CHARLOTTE, N.C. - Ryan Newman said he will be ready to race when NASCAR resumes competition, which could be as early as May 17.
Newman suffered a head injury in the season-opening race at Daytona International Speedway. The Indiana native spent less than 48 hours in the hospital before walking out holding hands with his two daughters.
Ross Chastain drove the No. 6 Ford in place of Newman for three races before the NASCAR season was suspended March 13 because of the coronavirus pandemic.
Speaking before NASCAR’s iRacing event Sunday, Newman said on Fox Sports that he will be ready to race when NASCAR calls drivers back to the track.
“That’s the absolute plan for sure. I am healthy,” Newman said. “I have been blessed with another layer of this (coronavirus) situation giving me more time to heal and I look forward to being back in the seat, for sure.”
Newman was in a spectacular crash while racing for the lead on the final lap of the Daytona 500 on Feb. 17. His airborne car was hit by another car, his Ford rolled several times and came to a stop on his roof. It took several minutes to get him out of the car and transferred to a Florida hospital, where his condition was considered serious but not life-threatening.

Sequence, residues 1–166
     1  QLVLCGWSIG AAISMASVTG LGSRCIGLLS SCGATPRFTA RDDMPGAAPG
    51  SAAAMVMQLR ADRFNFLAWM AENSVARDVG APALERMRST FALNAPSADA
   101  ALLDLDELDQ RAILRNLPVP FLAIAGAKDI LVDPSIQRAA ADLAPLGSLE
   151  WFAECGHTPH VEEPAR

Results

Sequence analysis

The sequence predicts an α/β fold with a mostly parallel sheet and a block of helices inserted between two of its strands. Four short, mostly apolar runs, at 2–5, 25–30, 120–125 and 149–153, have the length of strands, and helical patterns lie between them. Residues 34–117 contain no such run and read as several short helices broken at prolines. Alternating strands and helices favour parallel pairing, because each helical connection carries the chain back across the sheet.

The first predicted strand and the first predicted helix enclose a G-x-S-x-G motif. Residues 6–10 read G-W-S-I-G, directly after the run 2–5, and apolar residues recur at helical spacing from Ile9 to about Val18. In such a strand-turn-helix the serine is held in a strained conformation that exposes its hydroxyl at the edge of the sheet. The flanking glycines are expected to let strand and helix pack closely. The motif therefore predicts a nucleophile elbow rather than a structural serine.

Ryan Newman collides with Corey LaJoie during the Daytona 500 on February 17, 2020. (Photo by David Rosenblum/Icon Sportswire via Getty Images)
NASCAR said in a statement that Newman has not yet been cleared by the series to return.
“We share Ryan’s enthusiasm in his return to the track,” the statement said. “We look forward to Ryan returning to racing as soon as he is medically cleared to race.”
Photo by Roush Fenway
Newman used his brief appearance on Fox Sports to give thanks again for the outpouring of support he has received during his recovery.
“I am so excited and thankful all at the same time to be healthy and at some point get back in a race car when the world starts turning again,” Newman said. “And thankful for all the people and support that I’ve got from family, fans, you name it that have prayed for me, you name it, you have given me this multitude of miracles.”
NASCAR is hoping to resume its season without spectators as early as May 17. The situation remains fluid as the sanctioning body hammers out a new schedule and finds states that will host the series, and teams plan their return to their race shops.
The Associated Press contributed to this report.